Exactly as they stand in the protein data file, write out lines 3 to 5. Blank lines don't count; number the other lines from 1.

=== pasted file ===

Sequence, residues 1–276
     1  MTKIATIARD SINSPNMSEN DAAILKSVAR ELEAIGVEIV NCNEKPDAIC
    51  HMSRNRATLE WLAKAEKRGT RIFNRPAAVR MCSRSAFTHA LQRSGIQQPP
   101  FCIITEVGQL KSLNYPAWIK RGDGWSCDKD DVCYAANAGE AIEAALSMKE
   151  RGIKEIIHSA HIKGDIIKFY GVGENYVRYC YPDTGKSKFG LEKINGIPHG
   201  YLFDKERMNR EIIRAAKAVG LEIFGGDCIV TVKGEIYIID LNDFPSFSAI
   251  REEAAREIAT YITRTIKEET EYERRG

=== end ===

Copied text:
    51  HMSRNRATLE WLAKAEKRGT RIFNRPAAVR MCSRSAFTHA LQRSGIQQPP
   101  FCIITEVGQL KSLNYPAWIK RGDGWSCDKD DVCYAANAGE AIEAALSMKE
   151  RGIKEIIHSA HIKGDIIKFY GVGENYVRYC YPDTGKSKFG LEKINGIPHG